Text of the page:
John F. Kennedy was one of the most famous political figures in history. His legacy includes being the 35th President of the United States (1963–1969). He was assassinated on November 22, 1963 while visiting Dallas, Texas. The assassination occurred after he had been elected as Vice President under Lyndon B. Johnson in 1960 and won election as President in 1961 with his running mate, Joseph P. Kennedy Jr., becoming Secretary of Defense under him from 1962 to 1964.
Kennedy was born on July 4, 1921 in Providence, Rhode Island. He attended Harvard University where he studied law before entering politics. He served as a U.S.
Senator from Massachusetts from January 31, 1953 until December 7, 1959 when he died of lung cancer at age 49.
In addition to his wife Jacqueline Bouvier Kennedy Onassis (1905–1963), Kennedy had two children: Caroline (b. August 8, 1924) and John (b. September 2, 1926).
Early life [ edit ]
As a young man, Kennedy worked as a reporter for the Boston Globe. During World War II he volunteered for the Navy. After graduating from Harvard Law School in 1942 he joined the Justice Department’s Office of Special Investigations. He later became a partner at Sullivan & Cromwell, which represented such prominent clients as J.P.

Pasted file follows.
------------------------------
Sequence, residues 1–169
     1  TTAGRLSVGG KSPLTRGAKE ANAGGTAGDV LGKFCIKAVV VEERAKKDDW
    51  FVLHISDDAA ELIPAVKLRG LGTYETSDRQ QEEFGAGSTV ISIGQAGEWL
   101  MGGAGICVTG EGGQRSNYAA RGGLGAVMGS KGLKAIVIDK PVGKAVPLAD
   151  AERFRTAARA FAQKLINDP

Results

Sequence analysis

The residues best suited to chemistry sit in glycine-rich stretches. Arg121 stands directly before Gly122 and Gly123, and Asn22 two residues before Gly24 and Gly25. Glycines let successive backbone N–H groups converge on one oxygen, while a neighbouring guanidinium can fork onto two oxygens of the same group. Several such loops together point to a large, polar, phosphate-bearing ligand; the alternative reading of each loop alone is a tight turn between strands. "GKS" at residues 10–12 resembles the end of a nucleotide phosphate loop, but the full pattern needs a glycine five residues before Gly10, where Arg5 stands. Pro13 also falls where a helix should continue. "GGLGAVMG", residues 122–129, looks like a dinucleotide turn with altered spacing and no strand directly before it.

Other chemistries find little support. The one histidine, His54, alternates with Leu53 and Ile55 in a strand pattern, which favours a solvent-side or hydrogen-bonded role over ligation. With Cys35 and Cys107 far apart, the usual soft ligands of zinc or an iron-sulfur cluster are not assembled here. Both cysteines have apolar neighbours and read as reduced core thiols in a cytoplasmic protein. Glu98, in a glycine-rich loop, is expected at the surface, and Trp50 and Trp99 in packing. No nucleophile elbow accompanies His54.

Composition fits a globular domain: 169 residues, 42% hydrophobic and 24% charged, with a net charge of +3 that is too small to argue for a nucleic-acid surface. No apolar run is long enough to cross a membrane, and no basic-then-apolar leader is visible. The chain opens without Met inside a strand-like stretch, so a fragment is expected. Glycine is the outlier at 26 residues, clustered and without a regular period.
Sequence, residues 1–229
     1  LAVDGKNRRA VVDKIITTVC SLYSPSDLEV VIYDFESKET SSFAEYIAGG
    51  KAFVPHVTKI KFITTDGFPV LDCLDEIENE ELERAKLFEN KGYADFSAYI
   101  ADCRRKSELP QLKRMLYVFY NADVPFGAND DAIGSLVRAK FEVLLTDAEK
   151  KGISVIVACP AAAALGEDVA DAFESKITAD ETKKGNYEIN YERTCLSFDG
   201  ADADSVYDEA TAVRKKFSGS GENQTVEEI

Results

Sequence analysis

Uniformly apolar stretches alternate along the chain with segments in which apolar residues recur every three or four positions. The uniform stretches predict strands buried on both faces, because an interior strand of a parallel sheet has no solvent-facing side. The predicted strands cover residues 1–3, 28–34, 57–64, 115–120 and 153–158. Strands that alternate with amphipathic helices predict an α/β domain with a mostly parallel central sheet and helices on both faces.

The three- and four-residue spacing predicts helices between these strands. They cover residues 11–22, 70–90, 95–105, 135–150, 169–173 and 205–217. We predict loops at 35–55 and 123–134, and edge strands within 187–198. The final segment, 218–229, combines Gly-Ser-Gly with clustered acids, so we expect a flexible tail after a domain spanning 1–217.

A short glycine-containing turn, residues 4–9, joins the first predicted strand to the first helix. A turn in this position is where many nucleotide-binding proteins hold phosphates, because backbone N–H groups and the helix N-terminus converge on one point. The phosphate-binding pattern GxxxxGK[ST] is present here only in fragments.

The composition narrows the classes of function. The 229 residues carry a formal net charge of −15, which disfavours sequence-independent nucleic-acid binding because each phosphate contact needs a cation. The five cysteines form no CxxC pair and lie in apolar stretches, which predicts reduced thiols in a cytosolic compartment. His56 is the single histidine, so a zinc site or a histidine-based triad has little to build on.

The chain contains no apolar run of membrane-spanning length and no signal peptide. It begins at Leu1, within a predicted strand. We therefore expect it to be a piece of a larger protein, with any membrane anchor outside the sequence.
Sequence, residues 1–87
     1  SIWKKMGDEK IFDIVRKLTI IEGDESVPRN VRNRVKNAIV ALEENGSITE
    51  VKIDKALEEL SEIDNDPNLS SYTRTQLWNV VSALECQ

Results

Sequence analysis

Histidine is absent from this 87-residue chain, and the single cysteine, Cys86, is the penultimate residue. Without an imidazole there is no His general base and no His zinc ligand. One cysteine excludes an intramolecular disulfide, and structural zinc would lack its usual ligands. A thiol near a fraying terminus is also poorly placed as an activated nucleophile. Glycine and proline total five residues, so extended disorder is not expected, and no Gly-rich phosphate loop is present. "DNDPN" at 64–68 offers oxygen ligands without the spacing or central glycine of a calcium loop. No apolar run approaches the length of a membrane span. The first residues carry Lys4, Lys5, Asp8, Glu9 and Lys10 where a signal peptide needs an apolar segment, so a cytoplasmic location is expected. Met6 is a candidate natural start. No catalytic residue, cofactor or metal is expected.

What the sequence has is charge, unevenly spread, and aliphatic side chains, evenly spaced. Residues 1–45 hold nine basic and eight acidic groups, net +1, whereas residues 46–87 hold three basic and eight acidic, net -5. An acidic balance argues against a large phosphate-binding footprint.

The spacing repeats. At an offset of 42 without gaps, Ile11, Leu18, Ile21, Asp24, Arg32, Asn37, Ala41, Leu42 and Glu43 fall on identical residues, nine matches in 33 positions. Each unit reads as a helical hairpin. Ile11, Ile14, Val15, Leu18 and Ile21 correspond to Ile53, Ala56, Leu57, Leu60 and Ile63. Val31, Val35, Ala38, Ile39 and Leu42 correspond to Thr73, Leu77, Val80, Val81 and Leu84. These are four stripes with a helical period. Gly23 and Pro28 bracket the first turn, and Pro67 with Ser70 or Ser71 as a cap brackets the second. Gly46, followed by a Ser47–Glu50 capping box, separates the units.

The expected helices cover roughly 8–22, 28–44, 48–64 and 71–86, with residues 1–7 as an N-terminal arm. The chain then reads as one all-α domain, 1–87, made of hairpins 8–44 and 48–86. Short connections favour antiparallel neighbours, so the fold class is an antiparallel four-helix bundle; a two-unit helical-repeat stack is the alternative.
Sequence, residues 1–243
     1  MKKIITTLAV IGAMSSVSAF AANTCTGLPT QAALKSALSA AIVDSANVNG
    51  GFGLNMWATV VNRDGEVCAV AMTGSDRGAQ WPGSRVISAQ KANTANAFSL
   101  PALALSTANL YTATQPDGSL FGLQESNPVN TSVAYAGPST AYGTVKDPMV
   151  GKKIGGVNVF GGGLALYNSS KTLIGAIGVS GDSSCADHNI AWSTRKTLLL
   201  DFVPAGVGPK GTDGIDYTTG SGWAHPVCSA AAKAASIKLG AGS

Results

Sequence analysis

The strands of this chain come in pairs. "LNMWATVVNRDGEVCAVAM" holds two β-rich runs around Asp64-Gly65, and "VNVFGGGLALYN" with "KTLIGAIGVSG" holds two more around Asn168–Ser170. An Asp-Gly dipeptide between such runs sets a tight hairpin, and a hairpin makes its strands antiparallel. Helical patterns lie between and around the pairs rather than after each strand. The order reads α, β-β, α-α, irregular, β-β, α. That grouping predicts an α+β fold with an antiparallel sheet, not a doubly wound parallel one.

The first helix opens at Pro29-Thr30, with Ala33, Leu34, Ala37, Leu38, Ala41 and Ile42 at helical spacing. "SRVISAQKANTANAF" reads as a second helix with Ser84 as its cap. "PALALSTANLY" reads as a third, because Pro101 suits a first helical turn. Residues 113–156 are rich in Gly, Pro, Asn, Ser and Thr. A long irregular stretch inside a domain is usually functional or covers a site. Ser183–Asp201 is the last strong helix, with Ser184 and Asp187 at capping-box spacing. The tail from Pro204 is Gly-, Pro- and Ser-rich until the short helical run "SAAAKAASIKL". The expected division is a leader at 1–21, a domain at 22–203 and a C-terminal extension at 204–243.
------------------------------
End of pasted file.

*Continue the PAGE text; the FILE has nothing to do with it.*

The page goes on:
Morgan & Co. Feingold Association, and Budweiser Beer.
He served in the United States House of Representatives from 1947 to 1953 before resigning to run for the United States Senate, where he served from 1953 to 1960.
Presidential campaigns and elections (1956-1960) [ edit ]
Kennedy announced his intention to run for president in 1955.
Sources & references used in this article:
Physical education—fitness or fraud? A call for curriculum reform by MW Johnson – Journal of Physical Education, Recreation & Dance, 1985 – Taylor & Francis
The President’s Council on Physical Fitness and the systematisation of children’s play in America by MT Bowers, TM Hunt – The international journal of the history of …, 2011 – Taylor & Francis
Is today’s physical education the legacy that Franklin Henry had hoped for? by RJ Park – Kinesiology Review, 2017 – journals.humankinetics.com
American Myth and The Legacy of Vietnam by John Hellmann by EP Walz – Canadian Review of American Studies, 1987 – muse.jhu.edu
Research on the Characteristics of Physical Fitness Testing for Special Operation Forces of Military Powers and Their Reference Value by JF Kennedy – 1964 – Country Beautiful Foundation
Masculinity as ideology: John F. Kennedy and the domestic politics of foreign policy by C Wang – … Conference on Man-Machine-Environment System …, 2019 – Springer
When’They’Are Listening: Sociolinguistic Variation in John F. Kennedy’s Cold War Speeches during 1961 by G Redman – Champaign, IL: Human Kinetics, 1988
American myth and the legacy of Vietnam by RD Dean – Diplomatic History, 1998 – academic.oup.com